February 13, 2009 (the date of publication in Russian)
Romania's victory over Ukraine in the International Court of Justice might stand on the way of building South Stream
Seems like a new complex combination aimed against the building of South Stream pipeline under the Black Sea is developing. The International Court of Justice passed a judgment, unprecedented for the former-Soviet territories since the USSR collapsed. And in particular: Zmeinyi (Serpents') island, which is situated in the north-west of the Black Sea can't be considered a part of Ukrainian coastal line for distinguishing the middle line while delimiting continental shelf and exclusive economic zone(see here and here). What's typical, it happened few days after Alexander Medvedev, a Vice-Chairman of Gazprom, had made a statement about 30% increasing of South Stream projected capacity to 53-55 billion cubic meters per year.
The mentioned decision made by the Court means 65% of adjacent water area with all its resources is now de jure considered to belong to Romania. Meanwhile this region is rich in large oil- and especially gas resources.
The case about the belonging of the very territories had been examined by the International Court of Justice since 2004 on Romania's initiative. The country disputes Ukrainian belonging of the island itself (actually, it was included in the Romanian Bessarabia in 1918-1940 and 1942-1945). Ukraine counterclaimed a memorandum about Zmeinyi island and adjacent waters, but these arguments were neglected.
As a consequence, Romania, which is offended by South Stream omitting it and because of this lobbying for unprofitable for the Russian Federation Nabucco gas pipeline (Central Asia – Caspian Sea – Azerbaijan – Georgia – Turkey – Balkans – Central Europe), becomes the owner of huge gas resources. Romanian geologists' drilling in this part of the Black Sea "moves" to the South –perpendicularly to the Black Sea South Stream line. It's quite obvious, that in case of operational drilling the building of gas pipeline in the marked line might slow down. Moreover, the gas belt stretches into Bulgarian sector of the Black Sea to the south. And there, according to the analytical Mineral center (2008) some developments are also held with the help of British companies (the volume of reserves, found there is while estimated as 2 billion cubic meters).
The Ukrainian Chernomorneftegaz had found large commercial reserves of oil and gas 40 km to the south from Zmeinyi island, which means in the direction to Bulgaria, already in 2000-2002. This data confirmed geological explorations already made in 1950s and 1970s. Moreover, the mentioned resources are located on a depth, which is really comfortable for commercial production – only 2.2 – 2.5 km under. Predicted volumes of these resources are 10 million tonnes of oil and more than 12 billion cubic meters of gas. And according to modern Romanian ratings, commercial reserves of oil and gas to the south of Zmeinyi island are, in accordance, 15-18 million tonnes and more than 20 billion cubic meters. And more, these gas "storehouses" don't only reach Romanian-Bulgarian sea border, but cross it also. It means they exactly connect with the line of South Stream. And the profitability of commercial production of the raw materials if to transfer it by pipelines might reach 49% for Romanian companies. And this rate is actually the highest all over the Europe, including former Soviet territories. Romania has already begun developing oil and gas wells to the west from Zmeinyi, where the pipelines to Constanta port are built.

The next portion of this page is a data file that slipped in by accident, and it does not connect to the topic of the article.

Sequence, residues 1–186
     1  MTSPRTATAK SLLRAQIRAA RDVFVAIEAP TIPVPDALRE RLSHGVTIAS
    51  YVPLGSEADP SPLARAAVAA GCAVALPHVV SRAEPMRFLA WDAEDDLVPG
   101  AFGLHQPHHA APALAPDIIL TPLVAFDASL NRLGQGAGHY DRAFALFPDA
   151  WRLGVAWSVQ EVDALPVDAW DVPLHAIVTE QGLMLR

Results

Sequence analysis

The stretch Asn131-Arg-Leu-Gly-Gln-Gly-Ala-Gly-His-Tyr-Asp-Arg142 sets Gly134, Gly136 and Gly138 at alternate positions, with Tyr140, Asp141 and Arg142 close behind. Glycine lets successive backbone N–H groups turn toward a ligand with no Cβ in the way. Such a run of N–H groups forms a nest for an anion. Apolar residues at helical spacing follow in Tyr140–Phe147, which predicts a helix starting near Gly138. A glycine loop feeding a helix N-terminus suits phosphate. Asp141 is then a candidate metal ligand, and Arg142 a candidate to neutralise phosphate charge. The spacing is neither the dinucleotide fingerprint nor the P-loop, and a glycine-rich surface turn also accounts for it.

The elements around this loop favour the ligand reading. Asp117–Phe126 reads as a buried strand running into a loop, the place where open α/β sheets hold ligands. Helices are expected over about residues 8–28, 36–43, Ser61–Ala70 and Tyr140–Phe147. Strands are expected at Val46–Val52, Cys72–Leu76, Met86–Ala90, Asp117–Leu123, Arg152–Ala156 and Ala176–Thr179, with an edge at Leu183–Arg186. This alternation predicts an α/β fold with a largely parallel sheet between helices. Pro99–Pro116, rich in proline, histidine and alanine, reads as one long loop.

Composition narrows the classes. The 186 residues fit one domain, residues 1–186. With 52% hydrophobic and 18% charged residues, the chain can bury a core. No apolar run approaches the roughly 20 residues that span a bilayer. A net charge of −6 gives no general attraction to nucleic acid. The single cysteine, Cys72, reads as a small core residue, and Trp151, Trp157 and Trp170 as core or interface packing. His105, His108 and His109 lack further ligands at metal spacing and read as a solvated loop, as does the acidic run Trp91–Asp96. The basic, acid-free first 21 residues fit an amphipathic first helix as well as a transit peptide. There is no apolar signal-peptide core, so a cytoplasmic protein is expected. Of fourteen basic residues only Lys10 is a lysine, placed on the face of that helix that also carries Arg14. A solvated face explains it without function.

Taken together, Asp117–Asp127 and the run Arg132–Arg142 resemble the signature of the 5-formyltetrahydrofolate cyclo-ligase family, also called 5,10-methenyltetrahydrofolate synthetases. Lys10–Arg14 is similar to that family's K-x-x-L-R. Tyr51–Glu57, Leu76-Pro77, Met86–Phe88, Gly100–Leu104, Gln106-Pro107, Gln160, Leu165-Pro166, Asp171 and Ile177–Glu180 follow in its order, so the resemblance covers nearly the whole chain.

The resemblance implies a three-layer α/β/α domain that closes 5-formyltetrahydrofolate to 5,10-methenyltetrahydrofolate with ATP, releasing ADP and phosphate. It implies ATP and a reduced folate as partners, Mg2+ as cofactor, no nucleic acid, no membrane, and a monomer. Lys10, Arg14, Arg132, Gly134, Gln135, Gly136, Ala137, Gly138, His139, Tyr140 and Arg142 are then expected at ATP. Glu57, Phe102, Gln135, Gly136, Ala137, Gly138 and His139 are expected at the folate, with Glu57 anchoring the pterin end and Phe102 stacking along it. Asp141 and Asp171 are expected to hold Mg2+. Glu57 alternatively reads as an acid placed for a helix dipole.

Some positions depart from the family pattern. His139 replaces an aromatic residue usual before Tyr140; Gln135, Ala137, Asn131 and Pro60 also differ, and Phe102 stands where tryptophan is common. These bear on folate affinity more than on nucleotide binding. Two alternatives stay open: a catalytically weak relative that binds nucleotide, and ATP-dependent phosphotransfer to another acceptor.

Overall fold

Florin Muntean, the head of Romanian TRANSGAZ S.A. gas company, supposed that "in future Russia won't be able to provide the increased European demand for gas. But… Romania has an advantage over its neighbours, as it provides 60% of its own use by its own production. There is a project of consolidation of Romanian and Hungarian gas systems…" We will add that from the beginning of 1950s and to the first half of 1980s Romania supplied at least 15% of Hungary's demand for gas, pumping it from former Hungarian Transylvania (later the supply stopped for political reasons).
According to the latest Romanian data, the proved reserves of natural gas in the country are more than 200 billion cubic meters, including about 100 billion cubic meters located on the Black Sea shelf and in Danube (Donau or Dunaj) delta. So, it's quite possible that Romanian Danubian-Black Sea gas may join Nabucco. But on the other hand, together with gas-development in Bulgarian sector of the Black Sea, it can directly or indirectly hinder the creation of South Stream.
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